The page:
For almost a full week now, Cinequest’s online festival Cinejoy has been streaming new works for savvy cineastes to enjoy at home. But with more than one hundred films to choose from (44 features and 71 shorts), the list can be a lot to take in.
Fortunately, this year, the fest has films organized by the very vibey rubric emotion. The festival’s emotions include Dazzlers, Mindbenders, Good Times, Inspiration, Illumination, Thrills, Love and Laughs, but there’s still quite a bit of variation in each.
Here’s a look at three of the films available this week along with the emotion they explore in the festival.
We Were Hyphy
First-time director Laurence Madrigal opens his love letter to Bay Area hip hop with three distinct images: the Bay (viewed from Oakland), the “RIP Mac Dre” mural at Fremont High and the rising trails of smoke—vesper-like in the evening light—of a donut-spinning Oakland sideshow. From here, Madrigal and crew drop viewers right into hyphy, the “movement that almost was,” tracing the lineage of the bouncy Bay Area sound from Too $hort and 808s, through its 2000s heyday to today.
Described most simply as a hyperized, playful update to Oakland’s mobb music, hyphy celebrated self-expression, creative linguistics and, most important of all, going stupid (it’s about “how beautiful dumb could be,” says one contributor). The movement is represented from all sides with interviews including producers and rappers, KQED personalities and historians, label heads, photographers, dancers and sideshow drivers.
One notable scene sees Too $hort defining hyphy as the sound of producer Rick Rock followed by the work of Traxamillion. Though the East Bay gets the most attention (with some love given to San Francisco artists like San Quinn and Roach Gigz), in the late Traxamillion, the South Bay makes a profound mark on the movement as well.
Let’s hope the film’s audible yeee echoes for years to come.
After losing her mother, Jiwon is left with an alcoholic father and a choice: move to Seoul or stay at the family’s isolated country farm. Beginning with its poignant first line “We’re a bit lost,” Seokkarae (Mother Midnight) is meditative and cool (if a bit slow) and carried by striking visuals throughout.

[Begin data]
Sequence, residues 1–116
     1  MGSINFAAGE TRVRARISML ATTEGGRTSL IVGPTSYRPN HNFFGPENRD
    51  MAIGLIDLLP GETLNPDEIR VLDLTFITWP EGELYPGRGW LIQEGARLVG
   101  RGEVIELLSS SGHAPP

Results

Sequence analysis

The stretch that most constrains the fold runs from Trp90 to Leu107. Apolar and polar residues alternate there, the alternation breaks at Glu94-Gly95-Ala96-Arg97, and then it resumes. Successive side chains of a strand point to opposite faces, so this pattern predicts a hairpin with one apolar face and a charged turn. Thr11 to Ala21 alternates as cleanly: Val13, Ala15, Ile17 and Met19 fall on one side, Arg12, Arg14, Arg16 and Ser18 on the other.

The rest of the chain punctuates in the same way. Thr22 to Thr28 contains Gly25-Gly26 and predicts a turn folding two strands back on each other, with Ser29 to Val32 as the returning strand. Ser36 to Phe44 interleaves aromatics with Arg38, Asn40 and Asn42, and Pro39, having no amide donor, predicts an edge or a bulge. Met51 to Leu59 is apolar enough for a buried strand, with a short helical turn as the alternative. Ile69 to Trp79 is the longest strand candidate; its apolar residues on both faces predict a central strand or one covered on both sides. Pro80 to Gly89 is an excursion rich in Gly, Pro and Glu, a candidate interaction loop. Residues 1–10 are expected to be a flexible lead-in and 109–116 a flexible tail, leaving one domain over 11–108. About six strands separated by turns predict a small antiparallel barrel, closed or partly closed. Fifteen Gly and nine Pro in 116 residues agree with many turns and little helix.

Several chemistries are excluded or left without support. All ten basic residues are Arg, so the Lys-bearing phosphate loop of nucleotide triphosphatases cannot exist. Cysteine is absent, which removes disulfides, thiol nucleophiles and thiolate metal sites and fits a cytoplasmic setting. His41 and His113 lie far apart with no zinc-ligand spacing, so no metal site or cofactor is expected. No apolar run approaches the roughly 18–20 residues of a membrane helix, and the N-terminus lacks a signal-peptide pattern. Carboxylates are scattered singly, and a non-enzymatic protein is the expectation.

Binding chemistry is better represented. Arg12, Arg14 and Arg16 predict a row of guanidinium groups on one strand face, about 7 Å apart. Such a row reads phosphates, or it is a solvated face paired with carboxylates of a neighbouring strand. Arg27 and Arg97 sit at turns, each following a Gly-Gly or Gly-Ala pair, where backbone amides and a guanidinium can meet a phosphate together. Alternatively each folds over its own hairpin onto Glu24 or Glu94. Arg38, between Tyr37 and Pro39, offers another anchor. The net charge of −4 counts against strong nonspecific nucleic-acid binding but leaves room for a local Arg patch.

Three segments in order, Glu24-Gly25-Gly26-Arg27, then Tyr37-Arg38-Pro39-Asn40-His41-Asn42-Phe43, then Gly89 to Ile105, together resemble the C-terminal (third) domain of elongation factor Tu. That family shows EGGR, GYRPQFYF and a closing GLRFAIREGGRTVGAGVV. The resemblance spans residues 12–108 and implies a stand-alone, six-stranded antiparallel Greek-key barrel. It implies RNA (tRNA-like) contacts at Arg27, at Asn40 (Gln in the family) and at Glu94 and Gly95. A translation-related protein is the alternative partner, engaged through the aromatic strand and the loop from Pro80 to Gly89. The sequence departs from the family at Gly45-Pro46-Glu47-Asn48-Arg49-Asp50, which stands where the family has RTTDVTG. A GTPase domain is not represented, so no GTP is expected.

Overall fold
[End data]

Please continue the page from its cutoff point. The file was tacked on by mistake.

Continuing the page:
Director Mike Beech previously handled cinematography for soul-searching documentaries Reclaiming the Negative (about North Koreans who have defected) and Chasing the Present, the former of which won Beech a cinematography prize at the 2019 Awareness Film Festival. The same cinematic eye is present in Seokkarae, its measured doses of dialog often giving way to the wordless sights that make up Jiwon’s world: a cloud of birds over the lake, a lone lantern on a trail, the country store lit by the morning sun (compare these to the images in Seoul: walls of frosted glass and brick).
While the film flows as if on a lazy river, looming in the background is a very real threat: Mr. Jo, an incensed contractor who claims the family ruined his career, and who periodically shows up drunk to demand compensation. While Jiwon faces the reality of her own life, she’s left to settle the debts of the previous generation. Here, everyone seems to have an issue to work out with their father, but it’s the mothers who must make the decisions.
When a shy furniture mover loses his job, he picks up a new hobby: hunting down a local animal mutilator (surely America’s second or third favorite pastime). Moody and tense, Wolves is about one man trying to use his worst parts for good. As the main character (known only as “Him”) tells another, “I want to find him because I feel like I could be him. This is someone like me.”
With its grim subject matter, austere snowiness and psychological intensity, Wolves is not for the faint of heart. It will, however, likely appeal to fans of bleak thrillers like Villeneuve’s Prisoners or Nolan’s Insomnia—or just the true-crime junkie with a taste for the fictional.
Streaming through April 17